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American Journal of ORTHODONTICS

Volume 55, Number 2, February,



A classificationof skeletal facial types

Viken Sassouni, D.F.M.P., D.D.S., M.S.,


Pittsburgh, Pa.

he endless variations in size, position, form, and proportions of the

structures composing the dentofacial complex make it difficult, if not impossible to
discriminate between the important and the secondary factors (muscular and
skeletal) influencing dental occlusion. The particular problem is seldom related to a
disease at cellular level. Most often, disproportions or malpositions are leading to
malocclusions or facial deformities. The origin of these dis-proportions may be
traced to some genetic or environmental factors. These are difficult to identify, as
they may not be present or they may be obscured at the time of the examination of
the patient. However, in order better to define an etiologic classification of
dentofacial disturbance, the identification of the char-acteristic symptoms becomes
Definition of facial


Historic review. Prior to the interest of dentists and orthodontic specialists in

facial balance, artists had often accurately described the variations of human
physiognomy. A. Diirer, by modifying only some coordinates, had shown the
contrast resulting between a convex and a concave profile or between a broad
and a narrow face. Santayana, writing on the sense of beauty, played a game
of mismatching facial components of the same size and producing
disproportionate profiles. Anthropologists put these initial attempts on a more
scientific basis by measuring either the skulls or the soft tissues of the face and
deriving types associated with racial variations. Following these earlier
classifications, the development of medical knowledge suggested that perhaps
Presented at the annual meeting of the Middle Atlantic Society of Orthodontists,
Williamsburg, Va., January, 1968.
*Professor and Chairman, Department of Orthodontics, University of Pittsburgh School
of Dentistry.



Am. J. Orthodontics

some correlation exists between the facial pattern and certain predominant
functions. It was along this line of thought that Sheldonle established somatotypes or constitutional types on the basis of the predominant traits of endomorphy, mesomorphy, and ectomorphy. With the advent of roentgenographic
cephalometry, the interest in the variability of facial patterns was renewed with a
shift of emphasis toward their association with malocclusions. Bjijrk,l Downq2
Graber, Lindegard,3 Sassouni,12sI3 Ricketts,l and Muller have described
specific findings of skeletal imbalances associated predominantly with defined
classes of malocclusion. Most of the descriptions, however, have been
incomplete in the sense that they were centered on the profile or were based on
only one dimension of space. Furthermore, the nomenclature, far from being
standard-ized, added to the confusion.
Definition and nomenclature. In the present context, types and classes are
synonymous. In order to avoid confusion, however, class will be used for grouping dental malocclusions, while types will bc restricted to descriptions of skeletal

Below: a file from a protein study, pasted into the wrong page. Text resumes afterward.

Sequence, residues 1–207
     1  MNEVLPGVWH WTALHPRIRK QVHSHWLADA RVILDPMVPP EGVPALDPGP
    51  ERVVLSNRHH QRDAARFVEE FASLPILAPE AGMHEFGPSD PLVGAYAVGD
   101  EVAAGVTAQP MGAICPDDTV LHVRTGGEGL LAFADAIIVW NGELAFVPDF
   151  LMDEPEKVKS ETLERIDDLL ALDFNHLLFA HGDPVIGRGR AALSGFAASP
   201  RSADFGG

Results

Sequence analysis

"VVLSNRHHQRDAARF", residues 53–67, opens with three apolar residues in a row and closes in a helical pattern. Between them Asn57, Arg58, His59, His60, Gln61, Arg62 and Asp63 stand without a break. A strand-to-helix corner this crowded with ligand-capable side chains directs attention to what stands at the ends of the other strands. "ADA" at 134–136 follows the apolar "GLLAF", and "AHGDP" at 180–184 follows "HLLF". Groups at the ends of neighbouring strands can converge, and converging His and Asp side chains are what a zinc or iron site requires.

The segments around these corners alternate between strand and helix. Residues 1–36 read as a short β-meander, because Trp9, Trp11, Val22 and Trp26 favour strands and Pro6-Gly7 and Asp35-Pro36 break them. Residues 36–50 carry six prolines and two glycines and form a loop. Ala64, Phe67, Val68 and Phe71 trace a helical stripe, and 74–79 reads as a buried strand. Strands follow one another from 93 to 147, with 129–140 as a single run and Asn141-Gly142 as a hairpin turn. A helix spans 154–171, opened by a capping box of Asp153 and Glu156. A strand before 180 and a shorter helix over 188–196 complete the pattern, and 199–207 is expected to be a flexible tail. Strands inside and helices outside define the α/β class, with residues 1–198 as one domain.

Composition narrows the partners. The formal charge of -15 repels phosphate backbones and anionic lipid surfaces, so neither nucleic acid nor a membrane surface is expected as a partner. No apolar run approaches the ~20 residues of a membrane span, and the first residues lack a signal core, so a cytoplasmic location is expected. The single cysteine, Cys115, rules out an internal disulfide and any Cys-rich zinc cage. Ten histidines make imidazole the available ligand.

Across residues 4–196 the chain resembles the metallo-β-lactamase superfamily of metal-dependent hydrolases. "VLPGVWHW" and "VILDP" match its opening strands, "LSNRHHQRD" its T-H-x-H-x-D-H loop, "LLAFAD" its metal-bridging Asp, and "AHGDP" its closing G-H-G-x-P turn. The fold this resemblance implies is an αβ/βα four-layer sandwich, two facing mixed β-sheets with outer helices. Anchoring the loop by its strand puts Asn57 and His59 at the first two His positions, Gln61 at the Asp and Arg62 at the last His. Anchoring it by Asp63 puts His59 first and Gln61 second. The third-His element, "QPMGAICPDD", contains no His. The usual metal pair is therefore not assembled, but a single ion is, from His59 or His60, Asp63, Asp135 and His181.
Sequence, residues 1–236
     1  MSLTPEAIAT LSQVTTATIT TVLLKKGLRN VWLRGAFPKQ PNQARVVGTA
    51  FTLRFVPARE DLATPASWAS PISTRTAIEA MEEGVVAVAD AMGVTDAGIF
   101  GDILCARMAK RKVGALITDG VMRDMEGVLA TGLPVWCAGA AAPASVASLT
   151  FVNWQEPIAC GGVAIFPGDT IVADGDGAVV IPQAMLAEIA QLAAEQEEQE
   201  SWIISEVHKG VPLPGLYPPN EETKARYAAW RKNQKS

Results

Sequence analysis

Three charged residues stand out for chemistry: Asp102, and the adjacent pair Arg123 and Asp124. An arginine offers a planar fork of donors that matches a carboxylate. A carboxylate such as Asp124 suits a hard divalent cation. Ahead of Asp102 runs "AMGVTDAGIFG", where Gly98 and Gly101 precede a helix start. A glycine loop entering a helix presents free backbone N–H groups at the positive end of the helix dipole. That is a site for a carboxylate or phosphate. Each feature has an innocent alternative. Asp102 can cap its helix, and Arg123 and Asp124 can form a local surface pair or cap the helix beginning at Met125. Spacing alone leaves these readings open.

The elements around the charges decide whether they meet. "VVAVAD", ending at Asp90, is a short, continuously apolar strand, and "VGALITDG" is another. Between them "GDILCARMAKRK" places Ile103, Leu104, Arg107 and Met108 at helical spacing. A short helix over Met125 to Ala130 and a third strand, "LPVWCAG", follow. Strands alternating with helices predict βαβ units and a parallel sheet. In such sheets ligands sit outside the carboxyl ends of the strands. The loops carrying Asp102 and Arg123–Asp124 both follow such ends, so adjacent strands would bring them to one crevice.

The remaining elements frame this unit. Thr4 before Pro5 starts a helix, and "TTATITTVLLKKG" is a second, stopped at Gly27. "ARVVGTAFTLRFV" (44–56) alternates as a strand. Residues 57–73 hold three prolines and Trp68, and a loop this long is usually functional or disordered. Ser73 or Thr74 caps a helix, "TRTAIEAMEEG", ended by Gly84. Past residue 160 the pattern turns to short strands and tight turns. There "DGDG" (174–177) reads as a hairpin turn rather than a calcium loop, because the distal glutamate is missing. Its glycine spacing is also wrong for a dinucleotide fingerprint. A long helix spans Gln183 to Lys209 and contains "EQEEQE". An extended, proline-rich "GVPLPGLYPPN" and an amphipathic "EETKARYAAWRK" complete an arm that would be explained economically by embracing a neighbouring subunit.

disproportion grouping. A classification is the identification of a num-ber of
characteristics which, seen together, present enough similarities to be included in
the same group. This process, however, disregards minor details. Typology leads
to a similar simplification.
One of the objcctivcs in orthodontic diagnosis is to detect the association
between malocclusions and skeletal disproportions. Therefore, the nomenclature
selected for facial t,ypes is parallel to the nomenclature describing classes of
malocclusion. The different types are termed skeletal deep-bite, open-bite, Class
II, and Class III.
A given facial type is characterized by a number of symptoms; in this sense,
a type is a syndrome. Each of the four basic facial types will be described here,
and then their combinations will be considered.
Skeletal classification

of basic facial


There are two basic types with vertical disproportions (the skeletal deep-bite
and open-bite) and two types with anteroposterior disproportions (the skeletal
Class II and Class III).
The constitution of each skeletal type may be due to a dimensional or a
positional imbalance. When it is dimensional, it will be described as large or
small. When it is positional, the direction of the displacement will be described
as anterior or posterior, downward or upward, and lateral.
Skeletal deep-bite (Fig.


Positional deviations. The four planes of the face as seen from the lateral
roentgenograms (the supraorbital, palatal, occlusal, and mandibular planes) are
horizontal and nearly parallel to each other. According to the archial analysis,l*,
I3 this carries the center (0) of convergence of the four planes far away from the
profile. The anterior arc traced from center 0 and nasion is nearly a straight line.
The midface (palatal complex) is usually retrusive, creating a concave profile.

The posterior vertical chain of muscles (masseter, internal pterygoid, temporal)

is attached anteriorly on the mandible and stretches in

Skeletal facial



Fig. 1. Deep-bite skeletal type. Top row shows skull to which masseter and temporal mus-cles have
been added. Notice extreme extensive development of these muscles charac-teristic of deep-bite
skeletal type. Molars are under impact of these muscles.

nearly a straight line vertically. The molars are directly under the impact of the
masticatory forces of the posterior vertical chain of muscles. Two local positional
characteristics are influential. The cranial base angle (supraorbital to clivus
angle) is small. The effect of this is to position the glenoid fossa (and, therefore,
the condyles) more anteriorly, often directly below sella turcica. Compensating
this anterior positioning of the condyles, the gonial angle (ramus to corpus) is
small and the posterior border of the ramus is nearly vertical. At the dentition
level the upper and lower incisors have their long axes nearly parallel and are